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In ‘Patients, doctors and risk attitudes,’ Makins argues for ‘straightforwardly’ (Makins1 p1) extending antipaternalistic views about medical decision-making to include deferential considerations of risk attitudes that a patient might endorse. Reflecting on Makins’ important contribution to higher order attitudes in decision theory, we seek to clarify the practical applicability of his argument to specific clinical settings, namely in mental health. We argue that considering low and higher order risk preferences are not only practically difficult, but also potentially ethically fraught and especially so in the provision of mental healthcare. Deferring to risk attitudes potentially mutes a more robust curiosity of patients’ preferences and desires that can promote both autonomy and beneficence but are explicitly relationally grounded. We argue that a relational understanding of autonomy is a much more robust way of thinking about the value of risk attitudes among other patient preferences, attitudes and goals.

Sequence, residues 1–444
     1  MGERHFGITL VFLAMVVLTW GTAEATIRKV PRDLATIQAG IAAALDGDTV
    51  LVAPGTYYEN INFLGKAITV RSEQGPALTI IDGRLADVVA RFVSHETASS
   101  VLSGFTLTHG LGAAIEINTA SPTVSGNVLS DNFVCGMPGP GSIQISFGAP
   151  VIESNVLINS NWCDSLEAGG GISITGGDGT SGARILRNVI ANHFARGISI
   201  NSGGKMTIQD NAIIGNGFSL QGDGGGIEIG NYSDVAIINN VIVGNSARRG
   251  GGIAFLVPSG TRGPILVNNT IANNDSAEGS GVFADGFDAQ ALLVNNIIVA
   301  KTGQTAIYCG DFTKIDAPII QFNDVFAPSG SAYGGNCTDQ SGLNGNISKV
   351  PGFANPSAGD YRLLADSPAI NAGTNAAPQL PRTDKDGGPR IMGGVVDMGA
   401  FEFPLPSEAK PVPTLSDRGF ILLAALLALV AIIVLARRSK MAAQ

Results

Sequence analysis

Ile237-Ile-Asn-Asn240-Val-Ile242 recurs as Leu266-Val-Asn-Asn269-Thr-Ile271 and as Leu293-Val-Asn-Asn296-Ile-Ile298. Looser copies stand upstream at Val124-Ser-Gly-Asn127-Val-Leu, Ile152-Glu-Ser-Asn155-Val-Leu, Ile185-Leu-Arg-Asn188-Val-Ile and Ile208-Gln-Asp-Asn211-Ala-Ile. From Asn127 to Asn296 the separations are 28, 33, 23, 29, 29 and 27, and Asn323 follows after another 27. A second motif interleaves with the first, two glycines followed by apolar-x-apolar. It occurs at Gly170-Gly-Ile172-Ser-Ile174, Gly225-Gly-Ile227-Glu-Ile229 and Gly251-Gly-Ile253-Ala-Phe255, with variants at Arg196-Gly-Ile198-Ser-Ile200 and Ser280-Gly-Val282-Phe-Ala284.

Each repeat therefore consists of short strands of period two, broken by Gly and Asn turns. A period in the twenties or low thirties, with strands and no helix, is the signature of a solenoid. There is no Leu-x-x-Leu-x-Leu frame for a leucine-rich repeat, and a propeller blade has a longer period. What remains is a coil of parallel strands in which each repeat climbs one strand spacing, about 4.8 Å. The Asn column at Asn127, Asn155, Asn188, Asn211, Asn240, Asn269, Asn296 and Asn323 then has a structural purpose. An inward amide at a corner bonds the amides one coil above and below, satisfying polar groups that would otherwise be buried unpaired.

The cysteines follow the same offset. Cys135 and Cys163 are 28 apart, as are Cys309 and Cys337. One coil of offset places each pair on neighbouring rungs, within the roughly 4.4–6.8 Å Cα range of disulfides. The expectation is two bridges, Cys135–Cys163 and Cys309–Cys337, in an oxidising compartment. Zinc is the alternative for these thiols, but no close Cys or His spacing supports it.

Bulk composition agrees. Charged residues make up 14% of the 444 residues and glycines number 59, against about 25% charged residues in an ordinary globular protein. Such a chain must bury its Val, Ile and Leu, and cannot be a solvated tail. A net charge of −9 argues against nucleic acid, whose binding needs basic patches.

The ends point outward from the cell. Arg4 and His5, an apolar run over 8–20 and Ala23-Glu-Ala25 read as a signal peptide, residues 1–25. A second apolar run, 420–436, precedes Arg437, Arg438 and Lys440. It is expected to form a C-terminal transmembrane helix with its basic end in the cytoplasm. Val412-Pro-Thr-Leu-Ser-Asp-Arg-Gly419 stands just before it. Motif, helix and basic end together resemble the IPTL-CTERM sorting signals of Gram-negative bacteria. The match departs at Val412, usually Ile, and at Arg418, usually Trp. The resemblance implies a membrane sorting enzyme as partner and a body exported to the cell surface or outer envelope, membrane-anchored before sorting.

Makins rightly expounds on the challenges faced by healthcare professionals who are often required to make determinative recommendations for their patients. Providers must explain uncertain benefits in relation to uncertain risks, therefore, exploring the risk attitudes of patients, appears, prima facie, a rational, patient-centred and autonomy-promoting choice. It invariably invites discussion of Perske’s 1972 dignity of …
Contributors JW and ET have shared in the planning, conduct and reporting of the work described in the article.
Funding The authors have not declared a specific grant for this research from any funding agency in the public, commercial or not-for-profit sectors.
Competing interests None declared.
Provenance and peer review Not commissioned; internally peer reviewed.